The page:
The 16 Jan European Commission’s ‘third circular economy package’ of pro-recycling reforms and regulations, which contains an ambitious EU plastics strategy, should be enshrined in hard law, with sector-wide targets, plastics industry experts have told Plastics News Europe.
“The strategy’s recycling targets [all plastic packaging must be reused or easily recycled by 2030] and requirement to have converted 10 million tonnes of recycled plastics into new products by 2025 are very ambitious and to reach them industry will need legislative support,” said European Plastics Converters (EuPC)’s managing director Alexandre Dangis.
In an exclusive interview, held after a February 20-21 third circular economy stakeholder conference in Brussels, Dangis urged “better enforcement of current EU legislation, in particular the waste directives and food contact regulation [(EC) No 1935/2004]” as regards recycled plastics. In addition, Dangis told Plastics News Europe the package demanded “significant actions of the entire value chain,” notably concerning consumer education and waste management.
“Technological limits of mechanical recycling might have been reached, but we can still contribute far more to using recycled plastics if proper sorting and plastics waste separation infrastructures are set up in Europe,” he made clear.
“Chemical recycling of polymers also needs to be seriously exploited to develop new resource efficient supply chains for Europe’s petrochemical business.”
For Dangis, despite “sensational horror stories and exaggerated statements” (the conference itself boasted it was plastics-free), “people still acknowledge the importance of plastics for our society,” with the plastics strategy noting “plastics is an important and ubiquitous material”.
So unsurprisingly, in the plastics strategy session, Dangis opposed plastics bans: “Saying consumers don’t put plastics in the right bins is no reason for them [bans].”
PlasticsEurope’s director of public affairs, Leonor Garcia, agreed. “This will not solve the problem,” she told Plastics News Europe on 26 February.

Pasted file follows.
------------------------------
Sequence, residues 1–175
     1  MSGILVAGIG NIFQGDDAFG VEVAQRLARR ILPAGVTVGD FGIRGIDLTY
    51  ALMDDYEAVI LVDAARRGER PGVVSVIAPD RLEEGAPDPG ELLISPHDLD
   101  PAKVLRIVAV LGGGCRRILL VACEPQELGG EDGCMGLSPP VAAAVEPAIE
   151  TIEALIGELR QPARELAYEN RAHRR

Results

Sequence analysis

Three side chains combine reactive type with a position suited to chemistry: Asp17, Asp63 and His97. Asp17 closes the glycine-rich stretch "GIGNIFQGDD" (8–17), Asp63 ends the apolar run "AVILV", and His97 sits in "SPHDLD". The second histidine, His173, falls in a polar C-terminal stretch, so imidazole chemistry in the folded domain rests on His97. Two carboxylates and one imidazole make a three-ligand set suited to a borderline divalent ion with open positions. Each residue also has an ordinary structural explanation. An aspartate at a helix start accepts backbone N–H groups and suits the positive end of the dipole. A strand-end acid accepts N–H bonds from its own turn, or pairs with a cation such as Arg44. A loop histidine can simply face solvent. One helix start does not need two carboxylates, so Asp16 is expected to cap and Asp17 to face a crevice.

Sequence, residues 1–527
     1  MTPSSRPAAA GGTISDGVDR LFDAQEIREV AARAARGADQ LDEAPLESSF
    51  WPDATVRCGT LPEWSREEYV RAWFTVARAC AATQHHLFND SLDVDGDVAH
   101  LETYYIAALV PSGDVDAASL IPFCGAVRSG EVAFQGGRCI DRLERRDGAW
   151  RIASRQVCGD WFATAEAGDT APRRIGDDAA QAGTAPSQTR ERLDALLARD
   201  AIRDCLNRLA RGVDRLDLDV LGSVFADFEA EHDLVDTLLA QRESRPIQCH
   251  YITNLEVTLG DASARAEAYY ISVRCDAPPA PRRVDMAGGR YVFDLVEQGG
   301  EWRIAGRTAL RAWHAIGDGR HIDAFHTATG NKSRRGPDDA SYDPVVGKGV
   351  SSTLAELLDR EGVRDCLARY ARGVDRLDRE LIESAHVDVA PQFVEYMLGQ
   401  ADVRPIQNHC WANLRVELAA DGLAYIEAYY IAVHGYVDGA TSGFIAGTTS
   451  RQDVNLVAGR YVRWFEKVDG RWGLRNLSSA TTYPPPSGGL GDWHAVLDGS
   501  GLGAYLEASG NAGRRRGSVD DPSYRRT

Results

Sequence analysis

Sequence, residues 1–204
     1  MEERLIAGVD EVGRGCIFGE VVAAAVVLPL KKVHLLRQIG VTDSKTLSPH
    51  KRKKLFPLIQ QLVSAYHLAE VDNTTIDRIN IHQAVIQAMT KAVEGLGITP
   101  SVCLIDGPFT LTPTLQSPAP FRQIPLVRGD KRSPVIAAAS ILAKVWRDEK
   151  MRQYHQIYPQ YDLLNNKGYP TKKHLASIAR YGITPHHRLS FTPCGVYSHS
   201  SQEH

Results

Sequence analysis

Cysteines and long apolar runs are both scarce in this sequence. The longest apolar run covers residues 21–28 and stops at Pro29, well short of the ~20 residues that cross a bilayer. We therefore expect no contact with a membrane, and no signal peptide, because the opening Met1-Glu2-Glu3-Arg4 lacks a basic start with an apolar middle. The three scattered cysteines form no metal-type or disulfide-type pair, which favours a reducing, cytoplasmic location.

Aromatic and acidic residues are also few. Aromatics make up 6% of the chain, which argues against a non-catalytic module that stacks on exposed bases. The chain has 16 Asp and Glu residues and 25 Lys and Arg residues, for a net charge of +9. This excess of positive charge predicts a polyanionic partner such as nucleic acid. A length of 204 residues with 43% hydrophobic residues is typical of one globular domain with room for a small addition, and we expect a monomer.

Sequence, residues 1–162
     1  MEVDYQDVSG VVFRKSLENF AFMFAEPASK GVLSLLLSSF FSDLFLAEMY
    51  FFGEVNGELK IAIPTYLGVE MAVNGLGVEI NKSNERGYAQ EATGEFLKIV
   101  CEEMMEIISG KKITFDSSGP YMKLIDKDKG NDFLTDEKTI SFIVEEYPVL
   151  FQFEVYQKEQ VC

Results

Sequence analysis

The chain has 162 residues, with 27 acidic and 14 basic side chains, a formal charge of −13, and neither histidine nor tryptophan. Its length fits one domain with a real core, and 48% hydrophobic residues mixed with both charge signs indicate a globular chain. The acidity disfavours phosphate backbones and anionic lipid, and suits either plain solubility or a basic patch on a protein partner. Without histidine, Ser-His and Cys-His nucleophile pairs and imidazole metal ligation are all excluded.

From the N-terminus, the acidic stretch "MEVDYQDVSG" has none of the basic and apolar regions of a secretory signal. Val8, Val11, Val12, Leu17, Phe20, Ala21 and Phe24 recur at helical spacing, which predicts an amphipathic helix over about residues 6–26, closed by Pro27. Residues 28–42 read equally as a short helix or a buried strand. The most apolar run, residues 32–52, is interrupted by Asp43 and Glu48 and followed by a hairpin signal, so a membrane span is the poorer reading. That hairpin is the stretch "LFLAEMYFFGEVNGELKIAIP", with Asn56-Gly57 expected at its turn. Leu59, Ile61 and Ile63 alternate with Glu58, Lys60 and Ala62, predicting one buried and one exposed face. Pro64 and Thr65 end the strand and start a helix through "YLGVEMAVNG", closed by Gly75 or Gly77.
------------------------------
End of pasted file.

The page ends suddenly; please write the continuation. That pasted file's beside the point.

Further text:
“According to the UN Environment Programme [UNEP], 80% of all marine litter originates from land. This means proper waste management systems are key to effectively tackling the problem at source, with practices that prevent plastics entering the marine environment, educational programmes and scientific research programmes on marine litter.”
At the conference, held by the European Commission and the European Economic and Social Committee, industry experts instead praised industry’s voluntary commitments developed in response to the circular economy package, which has been debated in various forms, especially since 2015. “These are absolutely essential,” said PlasticsEurope’s executive director Karl-H Foerster.
Detailed in the association’s ‘Plastics 2030 - Voluntary Commitment’ document, these are 60% reuse and recycling for plastics packaging by 2030 and 100% re-use, recycling and/or recovery of all plastics packaging in the EU-28, Norway and Switzerland, by 2040.
Meanwhile, “eco-design with plastics will increase circularity and resource efficiency,” and “new plastics packaging technologies will increase plastic packaging recyclability,” Garcia said. “We are working to accelerate the development of mechanical and chemical recycling solutions which will lead to higher quality recycled materials and a broader use of recycled products.”
And internal market, industry, entrepreneurship and SMEs commissioner Elżbieta Bieńkowska asked industry at the conference to respond by June to the “recycled content pledging campaign”. The long-awaited legislative proposal on single-use plastics is due in May.
A “strategic research innovation agenda” for plastics is further due this year, Bieńkowska said. This will contain “more standardisation and awareness campaigns” and assess alternative feedstocks for plastic production and how to boost the recycled plastics market.
European Commission first vice-president Frans Timmermans welcomed public awareness about plastic was “like climate change revisited: the same dimension, the same enthusiasm.” Such keenness is needed with only 14% of plastics recycled globally, Bieńkowska noted.
The EU’s strategy will “address the systemic failures in the plastics value chain”, she said – with industry needing to work even harder after China imposed an import ban on plastics waste last month (January 2018).
However, speakers remained positive. “We are on the right track,” Mette Skovgaard, senior adviser, sustainability unit, City of Copenhagen, said. “But disposal would be easier if industry agreed to use fewer types of polymers in plastics packaging.”
“We shouldn’t put all plastics in one basket,” Nico Rietveld, commercial director for Bar-le-Duc (mineral waters) at Utrecht, the Netherlands-based drinks producer United Soft Drinks, agreed. He also called for less plastics incineration and said deposit schemes would improve recycled material quality.